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Weds 3 November - Psalm 90

Psalm 90

Lord, you have been our dwelling-place
    throughout all generations.
Before the mountains were born
    or you brought forth the whole world,
    from everlasting to everlasting you are God.

You turn people back to dust,
    saying, ‘Return to dust, you mortals.’
A thousand years in your sight
    are like a day that has just gone by,
    or like a watch in the night.
Yet you sweep people away in the sleep of death –
    they are like the new grass of the morning:
In the morning it springs up new,
    but by evening it is dry and withered.

We are consumed by your anger
    and terrified by your indignation.
You have set our iniquities before you,
    our secret sins in the light of your presence.
All our days pass away under your wrath;
    we finish our years with a moan.
10 Our days may come to seventy years,
    or eighty, if our strength endures;
yet the best of them are but trouble and sorrow,
    for they quickly pass, and we fly away.
11 If only we knew the power of your anger!
    Your wrath is as great as the fear that is your due.
12 Teach us to number our days,
    that we may gain a heart of wisdom.

13 Relent, Lord! How long will it be?
    Have compassion on your servants.
14 Satisfy us in the morning with your unfailing love,
    that we may sing for joy and be glad all our days.
15 Make us glad for as many days as you have afflicted us,
    for as many years as we have seen trouble.
16 May your deeds be shown to your servants,
    your splendour to their children.

17 May the favour of the Lord our God rest on us;
    establish the work of our hands for us –
    yes, establish the work of our hands.

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Meditation on Psalm 90

As we come into Book IV of the Psalms we are immediately confronted with a new name in the title – i.e. ‘The prayer of Moses the man of God’.
Of the seventeen Psalms in Book IV, only six have a title, of which only two have a named person – Moses (Psalm 90) and David (Psalm 103). There are no ‘Asaph collections’ or ‘Korah collections’ as in other books of Psalms.

Yet, in a skim read across these Psalms there are a number of references to the time of Moses.

  1. 95:7-11. This is a quote from Exodus 17; Numbers 14 and 20
  2. 99:6-7. Again, these verses refer back to Exodus 17 and Numbers 14.
  3. 103:7-8.  These verses refer back to Exodus 33:19-20 and 34:5-7

Psalms 105 and 106 are salvation-history Psalms which sum up the Exodus story.

Perhaps the Psalms of Book IV could be called ‘The Exodus Collection’.

Psalm 90 is the basis of Isaac’s Watts great hymn – ‘O God, our help in ages past; our hope for years to come, our shelter from the stormy blast and our eternal home.’

(This hymn is sung on Remembrance Sunday around the Cenotaph in London.)

Three themes that run through this Book IV of Psalms are the eternal nature of God, His unfailing love and His faithfulness.

90:1  ‘…throughout all generations’

90:3 ‘…from everlasting to everlasting you are God.’

99:5 ‘…His love endures forever; His faithfulness continues through all generations.’

102:12 ‘…you, LORD, sit enthroned forever; your renown endures through all generations.’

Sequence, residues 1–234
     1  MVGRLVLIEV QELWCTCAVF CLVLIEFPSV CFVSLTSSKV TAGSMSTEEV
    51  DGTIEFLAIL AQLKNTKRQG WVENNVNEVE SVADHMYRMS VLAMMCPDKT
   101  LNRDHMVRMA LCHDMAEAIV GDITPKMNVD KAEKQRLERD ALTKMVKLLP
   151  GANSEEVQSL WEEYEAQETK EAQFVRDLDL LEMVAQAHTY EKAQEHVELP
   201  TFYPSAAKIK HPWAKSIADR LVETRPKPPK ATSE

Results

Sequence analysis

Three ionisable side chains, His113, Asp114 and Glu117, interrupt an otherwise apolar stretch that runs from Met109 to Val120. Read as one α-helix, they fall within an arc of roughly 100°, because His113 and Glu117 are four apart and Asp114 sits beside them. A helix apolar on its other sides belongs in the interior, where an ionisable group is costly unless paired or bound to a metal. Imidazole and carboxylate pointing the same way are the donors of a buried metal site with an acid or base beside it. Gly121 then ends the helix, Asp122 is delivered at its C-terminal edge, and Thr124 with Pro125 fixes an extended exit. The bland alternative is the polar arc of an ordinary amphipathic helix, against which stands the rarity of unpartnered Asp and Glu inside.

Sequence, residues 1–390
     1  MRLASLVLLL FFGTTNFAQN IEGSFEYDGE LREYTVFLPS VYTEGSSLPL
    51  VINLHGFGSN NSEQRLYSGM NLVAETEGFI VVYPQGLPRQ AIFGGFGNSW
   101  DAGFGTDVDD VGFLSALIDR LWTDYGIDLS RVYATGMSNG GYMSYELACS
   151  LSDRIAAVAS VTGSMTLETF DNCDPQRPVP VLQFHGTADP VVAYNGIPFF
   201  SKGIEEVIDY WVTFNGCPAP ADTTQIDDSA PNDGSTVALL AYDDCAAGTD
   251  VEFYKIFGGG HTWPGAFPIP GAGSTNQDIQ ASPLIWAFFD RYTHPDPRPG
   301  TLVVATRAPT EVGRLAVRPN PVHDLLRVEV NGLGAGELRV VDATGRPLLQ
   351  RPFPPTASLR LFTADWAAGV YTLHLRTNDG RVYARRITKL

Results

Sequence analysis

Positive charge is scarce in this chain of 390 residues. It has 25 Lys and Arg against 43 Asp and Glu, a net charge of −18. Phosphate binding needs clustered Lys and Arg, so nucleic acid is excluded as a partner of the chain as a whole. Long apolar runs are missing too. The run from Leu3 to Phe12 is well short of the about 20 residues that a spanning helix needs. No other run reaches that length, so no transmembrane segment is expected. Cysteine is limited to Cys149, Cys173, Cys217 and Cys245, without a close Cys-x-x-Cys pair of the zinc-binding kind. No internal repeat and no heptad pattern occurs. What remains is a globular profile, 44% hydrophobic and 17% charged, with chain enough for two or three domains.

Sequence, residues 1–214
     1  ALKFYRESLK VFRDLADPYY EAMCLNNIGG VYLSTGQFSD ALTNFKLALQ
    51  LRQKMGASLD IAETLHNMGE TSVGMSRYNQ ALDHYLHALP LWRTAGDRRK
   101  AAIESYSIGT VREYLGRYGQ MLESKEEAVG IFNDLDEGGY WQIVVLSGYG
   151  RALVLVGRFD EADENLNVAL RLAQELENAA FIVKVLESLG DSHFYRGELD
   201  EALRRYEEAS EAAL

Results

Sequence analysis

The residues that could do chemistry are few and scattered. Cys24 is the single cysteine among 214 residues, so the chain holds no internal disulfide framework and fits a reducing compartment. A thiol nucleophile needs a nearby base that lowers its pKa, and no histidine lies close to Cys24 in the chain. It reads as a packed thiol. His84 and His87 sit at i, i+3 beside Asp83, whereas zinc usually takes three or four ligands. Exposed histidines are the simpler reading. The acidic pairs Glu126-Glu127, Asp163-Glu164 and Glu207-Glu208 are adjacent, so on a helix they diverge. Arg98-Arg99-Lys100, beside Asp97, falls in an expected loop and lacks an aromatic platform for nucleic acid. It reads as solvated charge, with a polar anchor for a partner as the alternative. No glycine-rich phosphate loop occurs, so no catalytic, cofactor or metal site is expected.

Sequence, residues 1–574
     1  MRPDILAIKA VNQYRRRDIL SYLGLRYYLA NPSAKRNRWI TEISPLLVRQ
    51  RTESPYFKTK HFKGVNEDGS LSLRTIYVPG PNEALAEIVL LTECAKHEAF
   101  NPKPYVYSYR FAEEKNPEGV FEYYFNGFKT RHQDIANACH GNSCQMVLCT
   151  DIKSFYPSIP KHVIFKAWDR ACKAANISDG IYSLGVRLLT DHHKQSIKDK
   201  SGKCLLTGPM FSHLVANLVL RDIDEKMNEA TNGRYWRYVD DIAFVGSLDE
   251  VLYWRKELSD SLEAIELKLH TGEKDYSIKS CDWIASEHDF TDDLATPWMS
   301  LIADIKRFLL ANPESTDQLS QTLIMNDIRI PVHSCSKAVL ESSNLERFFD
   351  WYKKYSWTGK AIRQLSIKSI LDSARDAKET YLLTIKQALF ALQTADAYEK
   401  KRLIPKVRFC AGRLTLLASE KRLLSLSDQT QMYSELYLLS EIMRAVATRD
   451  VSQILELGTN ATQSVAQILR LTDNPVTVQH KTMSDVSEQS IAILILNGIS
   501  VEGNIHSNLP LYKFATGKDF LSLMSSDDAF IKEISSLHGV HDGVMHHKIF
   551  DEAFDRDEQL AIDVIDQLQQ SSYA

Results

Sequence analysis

106:48 ‘Praise be to the LORD, the God of Israel, from everlasting to everlasting.’

Back to Psalm 90.


Because we are frail, we need a place of refuge. We find this place in the Lord. 

In Him is the place of safety, of refuge for all those who put their trust in Him.
Timothy Dudley-Smith wrote the hymn which speaks of our security in the Lord.

‘Safe in the shadow of the Lord, beneath his hand and power,
I trust in him, I trust in him, my fortress and my tower.’

Come back to Isaac Watts’ hymn – the second verse:  

‘Under the shadow of thy throne, thy saints have dwelt secure;
Sufficient is thine arm alone, and our defence is sure.’

And this assurance takes us back before Creation – verse 2.
For God – ‘from everlasting to everlasting’ – time is ‘like an evening gone’ (Isaac Watts)

For us humans – we are ‘from dust to dust’

The Psalmist uses another illustration of our frailty in verses 5-6: ‘new in the morning and withered in the evening.’

There is a reason for this situation which seems to border on the helplessness of the human predicament.



Why is God angry? It is because of our ‘iniquities’.
Notice that our iniquities are not placed in front of us but ‘you have set our iniquities before you’. That is, all our sins and iniquities are open before the eyes of God, with whom we have to do.
Remember in the Garden of Eden when Adam and Eve tried to hide from God, they couldn’t because God knew what they had done and where they were. Adam tried to get out of it by saying, “I heard you in the garden and I was afraid because I was naked.” 

We, too, are without excuse as our sins are laid bare before the Lord.

Our lives maybe 70+ years but even the best of them ‘are but trouble and sorrow’.

There seems little or no hope in our situation … But


There are six prayers in these last verses. 

Verse 12 ‘teach me…’

Verse 13 ‘relent, Lord …have compassion’

Verse 14 ‘Satisfy us … with your unfailing love’

Verse 15 ‘make us glad…’

Verse 16 ‘show us your deeds…’

Verse 17 ‘may your favour rest on us.’

There is HOPE because there is God, who is ‘from everlasting to everlasting.’

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(Roger Purdom) 


New International Version - UK (NIVUK)
Holy Bible, New International Version® Anglicized, NIV® Copyright © 1979, 1984, 2011 by Biblica, Inc.® Used by permission. All rights reserved worldwide.

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